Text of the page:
Other artists to have left their mark on Will include Jeff Buckley, who’s album Grace recently turned twenty years old.
“I saw Jeff when I was in High School. My Step Father won tickets on the radio. That show left a mark. I am most inspired by those who play for a living no matter what the business has offered them.” Will says.
It seems that whilst there is a lot to be experienced within his hometown, Will is also very much respected outside of the USA – he has a particularly loyal following in France. Having completed several tours on this side of the pond. Fortunately, in Cambridge, there are many reasons to remain rooted within the locality – not least, for the thriving live music – as well as some respected recording studios, including Q Division where Will has recorded. And on that same street, is an incredible cupcake parlour – Kick Ass Cupcakes (now sadly closed) – and when asked what form his dream cupcake would take, Will replied in full detail:
“A dark chocolate cupcake with a piece of dark, dark chocolate melted in the middle with a dark chocolate cream cheese icing without too much icing. I would deliver that to myself while it’s hot!” Sounds good, Will.
But sweetness aside, the serious contentions that inevitably exist between music as an art form and music as a commodity, do remain sadly at the forefront of any self-respecting musician:
“Art is always and easily a target for compromise. I think it’s the avoidance of compromise that constitutes good art. That definition in itself is open for interpretation, of course. I am always happiest when I can exploit a duality in my songs that allows me to always explore them myself. Hopefully there’s the mirage, the reality in the present, and the altered.” Will adds.
Some might allow the chaos to overtake their creativity and crush their inspirations and originality – but for someone who didn’t even believe they had a worthy set of pipes, Will has persevered with the path that he feels is truest – and in doing so, has perhaps overcome the engrained notion that many of us have, that assumes that art and music are things that other people do. Not us.
“The truth about the human voice is that we can all do it. It’s just a matter of there being someone to tell you that you can. At this point in music history we have heard so many kinds of voices. I find them all interesting. Some sing like birds some like stones falling on stones but they are all interesting and communicate an experience. Maybe my voice is my truest instrument or the best example of who I am.” Will explains.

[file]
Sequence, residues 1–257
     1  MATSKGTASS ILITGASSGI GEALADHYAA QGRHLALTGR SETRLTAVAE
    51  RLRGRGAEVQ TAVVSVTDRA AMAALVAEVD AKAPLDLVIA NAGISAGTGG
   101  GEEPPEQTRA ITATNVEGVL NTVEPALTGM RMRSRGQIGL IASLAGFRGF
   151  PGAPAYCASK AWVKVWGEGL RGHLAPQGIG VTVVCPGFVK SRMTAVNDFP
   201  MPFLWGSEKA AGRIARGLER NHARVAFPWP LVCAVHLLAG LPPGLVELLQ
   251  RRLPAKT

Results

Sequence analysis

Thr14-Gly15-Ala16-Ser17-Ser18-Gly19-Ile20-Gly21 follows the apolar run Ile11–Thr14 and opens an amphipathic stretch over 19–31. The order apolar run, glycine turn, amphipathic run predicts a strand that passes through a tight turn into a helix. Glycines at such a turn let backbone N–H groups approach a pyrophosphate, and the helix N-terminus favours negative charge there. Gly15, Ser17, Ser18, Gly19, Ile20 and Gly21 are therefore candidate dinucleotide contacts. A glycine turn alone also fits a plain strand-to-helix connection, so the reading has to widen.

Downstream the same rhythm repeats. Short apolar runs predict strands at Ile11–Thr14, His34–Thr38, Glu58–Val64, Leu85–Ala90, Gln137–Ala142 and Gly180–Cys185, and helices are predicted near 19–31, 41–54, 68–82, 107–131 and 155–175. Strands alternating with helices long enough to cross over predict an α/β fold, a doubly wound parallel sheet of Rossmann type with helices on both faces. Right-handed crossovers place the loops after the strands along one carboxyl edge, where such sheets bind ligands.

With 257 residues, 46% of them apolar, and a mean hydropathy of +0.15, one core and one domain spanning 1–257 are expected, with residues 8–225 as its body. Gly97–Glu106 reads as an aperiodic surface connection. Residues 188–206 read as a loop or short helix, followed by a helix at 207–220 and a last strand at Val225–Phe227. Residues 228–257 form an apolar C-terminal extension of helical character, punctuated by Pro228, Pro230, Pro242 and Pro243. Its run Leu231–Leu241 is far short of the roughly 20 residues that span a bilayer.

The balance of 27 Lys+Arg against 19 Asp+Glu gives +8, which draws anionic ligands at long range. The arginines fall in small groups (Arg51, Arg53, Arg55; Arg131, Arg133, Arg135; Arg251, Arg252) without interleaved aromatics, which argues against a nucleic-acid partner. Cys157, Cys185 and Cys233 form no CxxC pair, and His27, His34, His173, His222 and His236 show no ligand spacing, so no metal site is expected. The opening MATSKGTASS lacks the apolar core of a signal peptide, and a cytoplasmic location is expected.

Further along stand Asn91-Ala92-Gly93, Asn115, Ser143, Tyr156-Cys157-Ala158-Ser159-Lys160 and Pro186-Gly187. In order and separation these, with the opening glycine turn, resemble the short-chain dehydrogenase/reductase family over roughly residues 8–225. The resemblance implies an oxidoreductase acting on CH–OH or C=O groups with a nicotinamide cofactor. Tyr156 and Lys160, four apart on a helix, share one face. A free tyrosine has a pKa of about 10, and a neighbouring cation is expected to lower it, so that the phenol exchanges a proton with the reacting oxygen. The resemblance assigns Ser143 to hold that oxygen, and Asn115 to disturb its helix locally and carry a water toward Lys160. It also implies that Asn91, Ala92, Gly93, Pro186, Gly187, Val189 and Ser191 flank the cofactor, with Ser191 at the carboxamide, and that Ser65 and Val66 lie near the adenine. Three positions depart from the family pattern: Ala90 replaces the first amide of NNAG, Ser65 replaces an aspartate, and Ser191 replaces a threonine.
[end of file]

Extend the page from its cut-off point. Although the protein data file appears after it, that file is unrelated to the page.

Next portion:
Interestingly, Will’s album is titled National Throat – after an essay, written by Sousa, in 1906 – just twenty nine years after Edison invented the phonograph. Sousa’s fears were of recorded music obliterating the true nature of the artist and the authentic music to come from such songwriters and performers. Yet, recorded music can bridge communities across oceans, and transmit narratives and songs from localised communities to wider audiences, and in doing so, influence and inspire on a whole new level. It might always be an age-old conversation – as to whether a recorded piece of music can ever be the truest replication of the transient, live, in-the-moment performance of a song – and an investment of the emotion within, coming from the person, at that particular time. But Will has his own ideas on this discussion:
“The recorded song is a piece of art in itself. One moment in time. Not to be created again. It is common now to use a computer to have the exact recreation of a recorded song. To me that just means that Terminator and the Matrix were right and the machines have won. The studio is a time for magic in the moment. Live is the opportunity for humans to make something project on to others and the ability to transmit a unique energy in the moment.”
Here’s the track Look Out Johnny (taken from LP National Throat – out now)…
National Throat will be available as a special limited edition vinyl deluxe package on March 24th – $20 (+ shipping) – get yours at Will’s website: willdailey.com.
All words by Melz Durston. More from Melz can be found at her Louder Than War Author Archive.